These aforementioned double-ganger motifs are literary represented in a plethora of English narrations in both English Romanticism and in early 20th Century literature in the Gothic tradition. As social and personal identity crises were augmentative during the Romantic epoch, the literary double “serves to express an epoch’s fear of the collapse of social values”, therefore authors used the double motif in literature in order to “illustrate the issue of the fragmentability of the human soul” (36). While split personality was a feature of the prototype of a double-ganger in the Gothic genre, “the Second Self mostly contains aspects of the demonic, (…), the monstrous, (…) and is bound into a context of moral ambiguity” (44). These features demonstrate the “Second Self” as a diabolical alter ego, who always appears as a self-divided villain, marked by the uncanny and the evil. Schmidt does also involve Stevenson’s novel The Strange Case of Dr Jekyll and Mr Hyde (2013) in her work among the selections, which illustrates the motif of the double and self-destructiveness of Dr Jekyll, a Victorian reputable gentleman in London and Mr Hyde, his alter ego, a “displeasing (…) detestable (man who) gives a strong feeling of deformity” (cf Stevenson The Strange Case of Dr. Jekyll and Mr. Hyde: 13) and commits atrocities. Stevenson’s usage of allegories, narration and the point of view does both manipulate and influence the reader. This term paper shows the effects of the Fantastic through the linguistic features as the narrative situation, his applied word choices and broad imagery. In order to investigate these physical characteristics of the text, the amplification of the uncanny effect and the gothic novel will be analysed.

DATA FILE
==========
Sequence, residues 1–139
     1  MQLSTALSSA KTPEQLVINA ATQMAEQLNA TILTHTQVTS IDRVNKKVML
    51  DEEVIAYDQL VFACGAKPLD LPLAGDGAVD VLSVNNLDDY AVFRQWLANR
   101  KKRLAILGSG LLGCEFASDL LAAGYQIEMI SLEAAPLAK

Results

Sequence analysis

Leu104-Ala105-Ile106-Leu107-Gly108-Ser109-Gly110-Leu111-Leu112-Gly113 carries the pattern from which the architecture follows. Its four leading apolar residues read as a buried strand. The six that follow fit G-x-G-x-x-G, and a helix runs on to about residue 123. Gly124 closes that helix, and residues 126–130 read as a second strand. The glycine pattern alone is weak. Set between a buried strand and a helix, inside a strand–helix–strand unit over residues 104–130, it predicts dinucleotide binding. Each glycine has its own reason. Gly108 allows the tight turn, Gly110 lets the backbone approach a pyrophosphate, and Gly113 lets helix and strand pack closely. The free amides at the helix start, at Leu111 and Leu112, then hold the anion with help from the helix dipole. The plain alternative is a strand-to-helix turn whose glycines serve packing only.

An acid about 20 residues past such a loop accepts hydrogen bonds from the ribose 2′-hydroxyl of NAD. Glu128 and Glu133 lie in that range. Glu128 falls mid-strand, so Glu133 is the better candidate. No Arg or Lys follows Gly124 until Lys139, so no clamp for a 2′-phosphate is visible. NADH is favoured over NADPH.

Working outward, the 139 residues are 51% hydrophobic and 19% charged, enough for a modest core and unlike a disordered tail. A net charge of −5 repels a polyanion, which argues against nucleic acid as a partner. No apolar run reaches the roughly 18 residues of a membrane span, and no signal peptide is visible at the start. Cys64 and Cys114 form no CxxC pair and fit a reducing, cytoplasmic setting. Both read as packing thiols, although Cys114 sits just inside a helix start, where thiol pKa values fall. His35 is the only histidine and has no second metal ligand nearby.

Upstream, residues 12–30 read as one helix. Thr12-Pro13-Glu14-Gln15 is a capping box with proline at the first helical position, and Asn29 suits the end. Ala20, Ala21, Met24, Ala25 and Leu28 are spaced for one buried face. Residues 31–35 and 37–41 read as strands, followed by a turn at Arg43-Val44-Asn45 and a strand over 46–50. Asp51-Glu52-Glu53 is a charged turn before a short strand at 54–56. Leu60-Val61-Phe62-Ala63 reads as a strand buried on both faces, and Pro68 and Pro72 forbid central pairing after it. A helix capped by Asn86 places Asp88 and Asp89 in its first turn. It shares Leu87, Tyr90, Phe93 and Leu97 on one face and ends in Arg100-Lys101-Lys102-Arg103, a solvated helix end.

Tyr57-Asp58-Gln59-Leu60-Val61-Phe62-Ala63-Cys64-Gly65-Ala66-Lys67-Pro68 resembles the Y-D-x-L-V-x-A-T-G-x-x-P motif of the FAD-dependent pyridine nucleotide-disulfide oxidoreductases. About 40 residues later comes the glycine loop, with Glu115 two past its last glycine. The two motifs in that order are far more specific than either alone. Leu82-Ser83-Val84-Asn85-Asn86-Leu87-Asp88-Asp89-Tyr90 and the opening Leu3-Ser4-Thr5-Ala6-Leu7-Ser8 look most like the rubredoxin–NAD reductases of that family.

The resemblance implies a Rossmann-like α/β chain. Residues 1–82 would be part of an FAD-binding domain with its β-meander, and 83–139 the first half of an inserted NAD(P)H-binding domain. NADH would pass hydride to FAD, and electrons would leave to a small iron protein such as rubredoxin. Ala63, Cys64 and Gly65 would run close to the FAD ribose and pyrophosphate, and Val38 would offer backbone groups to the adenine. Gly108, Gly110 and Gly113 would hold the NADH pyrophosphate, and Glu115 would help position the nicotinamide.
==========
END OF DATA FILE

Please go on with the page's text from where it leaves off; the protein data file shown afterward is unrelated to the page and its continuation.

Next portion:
Stevenson uses multiple narrations in order to create a tense atmosphere of suspense and ambiguity through the juxtaposition of the different of Utterson, Enfield, Lanyon and Jekyll. The novel begins with the detailed description of Mr. Utterson, a lawyer in London and Jekyll’s friend, through a figural narration or rather third-person narrator. During an encounter with his friend Mr. Enfield, the narrative immediately switches to the first person narrative; as soon as he starts telling Mr. Utterson about the “Story of the Door”. Thus through the dialogue and story-telling, Mr Hyde is indirectly introduced to the reader, described as an angst-inducing, hateful man whose ugliness was beyond description (cf Stevenson:13). Nevertheless, the focus on Mr. Utterson’s perspective remains in the following chapter, but the heterodiegetic narration remains limited, as Utterson’s thoughts and the dialogue between him and Lanyon, one of Jekyll’s closest friends, are presented. This allows the reader to follow the story from Utterson’s perspective and in fact to even play the role of the invisible observer. The narrative continues in the fourth chapter “The Carew Murder Case” as a report by a maid. Her testimony is still narrated in third person and alludes to Mr. Hyde’s attack on Sir Danvers Carew, a member of the Parliament and one of Utterson’s clients (cf Stevenson: 27,2013). However, Utterson’s point of view continues as the police calls him, when they find Carew’s purse with his number (cf ibid.). Besides the inserted narrations from “The Story of the Door” and “The Carew Murder Case”, which were based on Enfield and the maid’s individual experiences based on Enfield and the maid’s individual experiences. However, “Dr. Lanyon’s Narrative” is one of the most important and interesting chapters, as it recedes the climax of the story, which reveals himself as the first person narrator. Later in the sixth chapter, Utterson receives a letter with a written instruction on the envelope forbidding him to read its contents “till the death or disappearance of Dr. Henry Jekyll” (Stevenson: 40) in the sixth chapter. Despite his initial amazement, Utterson complies and indeed only unseals the envelope during the penultimate chapter.